It is important to start looking after your pet’s teeth from an early age, all throughout their life. Imagine how our teeth would look and our breath would smell if we didn’t brush our teeth regularly. It is just the same for your pet. Ideally you should begin brushing their teeth between 8 and 12 weeks of age as this enables them to become accustomed to it before their permanent dentition develops- but it is never too late to start!
The brushing motion removes the plaque which builds up on their teeth. It is soft and pasty and not easy to see. It builds up on teeth 24 hours a day and harbours bacteria which infect the gum tissue and roots of the teeth. It also causes bad breath. Unless the plaque is removed on a regular basis their gums can become sore and inflamed.
The plaque eventually calcifies and turns into tartar which is the hard brown material that becomes visible on your pet’s teeth. If left, it can lead to periodontal disease and loss of their teeth. The bacteria in plaque can even spread to other parts of the body and have been linked to heart, liver and kidney disease.
Once the tartar is formed it can only be removed by your veterinary surgeon giving your pet a general anaesthetic and removing it using an ultrasonic scaler. Sometimes at this stage some teeth will require removing and the remainder will be polished. Strict aftercare at home will need to be undertaken to prevent another dental procedure being needed.
Courtesy of petsmile.org
It is important to use a toothbrush and toothpaste designed for animals as the brush is ultra soft and shaped to fit their mouth and teeth. The toothpaste is flavoured to appeal to animals- fish flavoured for cats and poultry flavoured for dogs. It is also fine to be swallowed unlike human toothpaste which requires rinsing and contains fluoride. The paste contains an ingredient which helps prevent plaque from sticking to your pet’s teeth after brushing. A range of kits are available at the veterinary practice.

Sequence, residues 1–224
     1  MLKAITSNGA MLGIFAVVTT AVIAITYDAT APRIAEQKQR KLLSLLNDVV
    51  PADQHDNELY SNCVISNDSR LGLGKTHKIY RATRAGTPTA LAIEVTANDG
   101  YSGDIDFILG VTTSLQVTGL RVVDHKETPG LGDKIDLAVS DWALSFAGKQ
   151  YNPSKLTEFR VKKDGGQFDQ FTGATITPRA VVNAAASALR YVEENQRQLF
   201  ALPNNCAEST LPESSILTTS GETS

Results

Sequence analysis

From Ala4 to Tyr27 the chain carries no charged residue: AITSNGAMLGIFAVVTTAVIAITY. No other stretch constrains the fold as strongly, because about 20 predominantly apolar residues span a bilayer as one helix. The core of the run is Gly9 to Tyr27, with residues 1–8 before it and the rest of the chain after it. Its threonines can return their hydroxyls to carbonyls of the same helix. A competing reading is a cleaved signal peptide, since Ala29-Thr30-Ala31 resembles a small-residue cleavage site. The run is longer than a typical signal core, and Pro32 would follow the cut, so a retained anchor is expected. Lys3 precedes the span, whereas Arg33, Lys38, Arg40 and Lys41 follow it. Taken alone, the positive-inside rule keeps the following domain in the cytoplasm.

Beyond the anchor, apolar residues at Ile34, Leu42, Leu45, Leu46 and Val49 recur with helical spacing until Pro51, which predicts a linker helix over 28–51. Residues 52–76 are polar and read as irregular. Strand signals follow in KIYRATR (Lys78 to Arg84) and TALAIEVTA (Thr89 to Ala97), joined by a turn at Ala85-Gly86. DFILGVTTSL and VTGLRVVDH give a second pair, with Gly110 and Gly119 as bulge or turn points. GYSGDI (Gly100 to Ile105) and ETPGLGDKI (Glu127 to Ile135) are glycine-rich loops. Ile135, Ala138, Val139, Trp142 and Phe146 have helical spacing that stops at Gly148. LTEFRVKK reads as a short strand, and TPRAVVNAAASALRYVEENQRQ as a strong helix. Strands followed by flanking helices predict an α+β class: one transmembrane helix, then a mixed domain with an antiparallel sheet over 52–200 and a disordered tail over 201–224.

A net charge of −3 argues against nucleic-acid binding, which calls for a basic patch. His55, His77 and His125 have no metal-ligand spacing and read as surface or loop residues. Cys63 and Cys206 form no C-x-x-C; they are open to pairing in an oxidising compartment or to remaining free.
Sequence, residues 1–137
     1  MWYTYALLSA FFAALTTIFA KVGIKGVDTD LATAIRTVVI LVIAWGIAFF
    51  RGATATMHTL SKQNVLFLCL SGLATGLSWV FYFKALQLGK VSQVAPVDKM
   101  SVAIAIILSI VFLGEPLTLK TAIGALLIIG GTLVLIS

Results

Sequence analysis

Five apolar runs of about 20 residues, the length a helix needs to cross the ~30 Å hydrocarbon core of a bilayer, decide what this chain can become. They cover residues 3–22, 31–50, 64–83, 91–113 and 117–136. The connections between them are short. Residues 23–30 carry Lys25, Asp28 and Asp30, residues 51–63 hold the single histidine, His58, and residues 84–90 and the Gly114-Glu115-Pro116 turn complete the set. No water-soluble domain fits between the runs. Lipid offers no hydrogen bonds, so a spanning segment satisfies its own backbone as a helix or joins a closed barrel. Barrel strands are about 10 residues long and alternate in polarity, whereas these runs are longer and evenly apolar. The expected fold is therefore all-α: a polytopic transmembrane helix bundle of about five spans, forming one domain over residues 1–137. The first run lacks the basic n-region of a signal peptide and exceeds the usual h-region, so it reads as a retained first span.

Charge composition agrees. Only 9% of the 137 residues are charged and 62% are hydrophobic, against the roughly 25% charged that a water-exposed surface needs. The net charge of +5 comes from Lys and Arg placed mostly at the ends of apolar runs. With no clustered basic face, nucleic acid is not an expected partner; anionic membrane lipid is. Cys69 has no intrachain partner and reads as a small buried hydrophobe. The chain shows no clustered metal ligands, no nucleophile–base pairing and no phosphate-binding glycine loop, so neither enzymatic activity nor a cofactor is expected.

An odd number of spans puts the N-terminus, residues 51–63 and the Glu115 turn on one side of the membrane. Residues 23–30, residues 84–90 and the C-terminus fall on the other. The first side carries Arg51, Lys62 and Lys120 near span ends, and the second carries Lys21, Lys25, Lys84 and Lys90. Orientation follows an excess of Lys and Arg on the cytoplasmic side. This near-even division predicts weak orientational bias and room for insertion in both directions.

Your pet’s normal diet, especially if tinned, allows for food to stick to their teeth and favours the growth of bacteria found in plaque which is why home dental care is so important. There is a range of dental biscuits, rinses and chews available from the practice which can help along with brushing to keep their teeth clean by limiting dental plaque and tartar formation.
The Royal Canin Dental diet, available for cats and dogs is specially formulated and works by 2 actions:
• Mechanical action: the kibble’s special texture means that when eaten the tooth will bite right into it. The abrasive effect of contact breaks down dental plaque and disperses bacteria.
• Biochemical action: micronised sodium polyphosphate is dispersed into the mouth and traps calcium present in saliva before it can build up on plaque which is present on the teeth. By making the calcium unavailable, tartar formation is delayed.
Small breed dogs are especially susceptible to dental problems, which is why Royal Canin also put sodium polyphosphate in their Vet Care range of diets as well for tartar control.
Chews are also very good at reducing plaque formation but generally they can only clean the prominent areas of your dog’s teeth.
To enable your pet to enjoy having their teeth cleaned be patient and take time with the process. Try following these steps and your pet will quickly get used to the process:
Day 1: Gently stroke the outside of your pet’s cheeks with your finger only (no brush) and slowly lift their lip for about 30 seconds. Reward, praise and treat at the end of each session.
Day 2: Repeat as above and also place a small amount of toothpaste on the end of your finger and let your pet sample it.
Day 3: Repeat Day 2, but this time, gently run your finger or toothbrush and a small amount of toothpaste over your pet’s teeth for 30-45 seconds. Never start at the front of the mouth as this is the most sensitive part. Reward with praise and a treat. It sometimes helps to smear the toothpaste into the brush so your pet does not lick it off straight away!
Day 4: Repeat Day 3 adding 15 seconds to the time running over your pet’s teeth. Reward with praise and a treat.
Day 5: Gradually you should be aiming to spend about a minute on each side of their mouth, brushing horizontally for cheek teeth and vertically for their canine teeth.
Ideally try to brush your pet’s teeth once a day, usually bedtime is a good time followed by a dental biscuit or chew as a reward.
If you would like more advice on the best way to care for your pet’s teeth please speak to your veterinary nurse at your local branch of Cinque Ports Vets.
Read Bella’s Dental Diary or please click on the videos below to watch how to brush your pet’s teeth.